Construction begins on the first park in Toronto’s West Don Lands

Waterfront Toronto together with the Governments of Canada and Ontario and the City of Toronto have officially broke ground on Don River Park, a massive new park that will be the cornerstone of the new West Don Lands  community. The 7.3-hectare (18 acre) park, designed by Michael Van Valkenburgh Associates, will stretch from King Street south to the rail corridor in the land west of the Don River and GO/CN railroad lines. The first park in the West Don Lands to begin construction, the Don River Park is expected to open in late 2011/early 2012.


“The federal government is proud to be a partner in the revitalization of Toronto’s waterfront,” said Federal Finance Minister Jim Flaherty. “Our $17.4-million investment will help construct what will be another great new park for residents of Toronto and the people of Canada.”


“The McGuinty government is proud to be a partner in the revitalization of Toronto’s waterfront.  This park will become an integral part of the community where Ontario families can come to relax, play and enjoy this natural setting,” said Bob Chiarelli, Ontario’s Minister of Infrastructure. 


“Don River Park is yet another of our ambitious undertakings in the ongoing renewal of the Toronto Waterfront,” said Mayor David Miller. “This park will not only be a significant green space for people to enjoy, it will stand as a testament to all that we have accomplished together and as a future reminder of why waterfront revitalization was so important to this City.”


The construction of Don River Park represents the next stage of development in the mostly provincial-owned West Don Lands. The 32 hectare (80 acre) West Don Lands is a challenging brownfield site in the flood plain of the Don River and development of the area is contingent on it first being remediated and flood proofed. Construction of the area’s flood protection landform, which is designed to protect a 99 hectare (245 acre) area that includes not only the West Don Lands but also Toronto’s financial district, is nearing completion. Don River Park is being built on top of the flood protection landform.


“Don River Park is another example of our approach to innovative city building,” said Waterfront Toronto Chair Mark Wilson. “By locating and designing the park to take full advantage of the flood protection landform we are leveraging essential public infrastructure to deliver what will be a truly stunning park.”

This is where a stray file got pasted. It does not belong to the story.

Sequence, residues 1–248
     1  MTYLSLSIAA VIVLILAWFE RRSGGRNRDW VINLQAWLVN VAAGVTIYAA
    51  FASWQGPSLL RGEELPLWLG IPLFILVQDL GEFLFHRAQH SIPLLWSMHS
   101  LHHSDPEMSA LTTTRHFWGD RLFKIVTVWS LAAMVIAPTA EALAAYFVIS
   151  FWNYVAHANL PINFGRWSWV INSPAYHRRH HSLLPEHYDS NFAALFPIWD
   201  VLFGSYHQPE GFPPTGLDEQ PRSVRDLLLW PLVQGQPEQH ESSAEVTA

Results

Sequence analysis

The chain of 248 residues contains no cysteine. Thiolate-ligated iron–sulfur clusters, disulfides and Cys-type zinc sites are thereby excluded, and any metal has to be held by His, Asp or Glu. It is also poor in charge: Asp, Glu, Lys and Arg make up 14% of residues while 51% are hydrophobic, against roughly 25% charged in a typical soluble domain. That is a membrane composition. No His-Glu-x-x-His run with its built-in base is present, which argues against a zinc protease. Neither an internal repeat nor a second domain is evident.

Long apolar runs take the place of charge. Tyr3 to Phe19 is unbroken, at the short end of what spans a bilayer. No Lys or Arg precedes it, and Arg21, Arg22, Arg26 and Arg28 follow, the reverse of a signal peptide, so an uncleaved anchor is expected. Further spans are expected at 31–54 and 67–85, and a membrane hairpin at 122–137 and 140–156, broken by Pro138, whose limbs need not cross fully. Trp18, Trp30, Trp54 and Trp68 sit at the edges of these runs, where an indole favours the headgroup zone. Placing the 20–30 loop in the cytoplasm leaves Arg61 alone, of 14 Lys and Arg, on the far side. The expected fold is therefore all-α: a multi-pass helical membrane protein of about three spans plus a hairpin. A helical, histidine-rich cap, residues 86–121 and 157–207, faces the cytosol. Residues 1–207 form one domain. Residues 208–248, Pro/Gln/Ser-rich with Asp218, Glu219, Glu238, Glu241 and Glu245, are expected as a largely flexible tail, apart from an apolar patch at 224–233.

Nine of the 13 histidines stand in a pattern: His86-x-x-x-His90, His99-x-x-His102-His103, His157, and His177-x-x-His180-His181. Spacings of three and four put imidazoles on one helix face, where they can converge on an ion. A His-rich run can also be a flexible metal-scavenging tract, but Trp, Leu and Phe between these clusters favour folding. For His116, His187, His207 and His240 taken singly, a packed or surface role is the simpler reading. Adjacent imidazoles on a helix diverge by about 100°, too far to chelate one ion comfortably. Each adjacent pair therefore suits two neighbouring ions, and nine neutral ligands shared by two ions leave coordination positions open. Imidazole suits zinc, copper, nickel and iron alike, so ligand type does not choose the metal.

The park was designed to maximize the exceptional topography provided by the flood protection landform. Park features are integrated into the contours and elevation provided by the landform and it capitalizes on the unique landscape to open sightlines to the Toronto skyline, the Don River and Lake Ontario.


The topography organizes the park both physically and programmatically. The river side of the park will be an extensive 3.2 hectare (7.9 acre) urban prairie to address regulations that restrict active recreation and the planting of woody vegetation on the eastern slope of the flood protection landform. The urban prairie will include an upland meadow on the upper parts of the slope, while a lowland wet meadow at the base of the landform will add ecological and experiential diversity. The wet meadow will also be a crucial part of a park-wide ecological stormwater management system. Meandering walking trails, multi-use bike paths, and a boardwalk will also allow visitors to explore the unique urban landscape.


The 3.6 hectare (8.9 acre) western city side of the flood protection landform is defined by a dynamic, unfolding topography that creates varied, flexible spaces for a diverse range of passive and active pursuits. Its features include: a hilltop playground that will offer diverse play experiences for children of all ages; a striking solar powered pavilion that houses the park’s washrooms; a youth athletic field that can be used for a variety of organized sports; and a series of open lawns will provide ample space for both informal and organized sports and activities.

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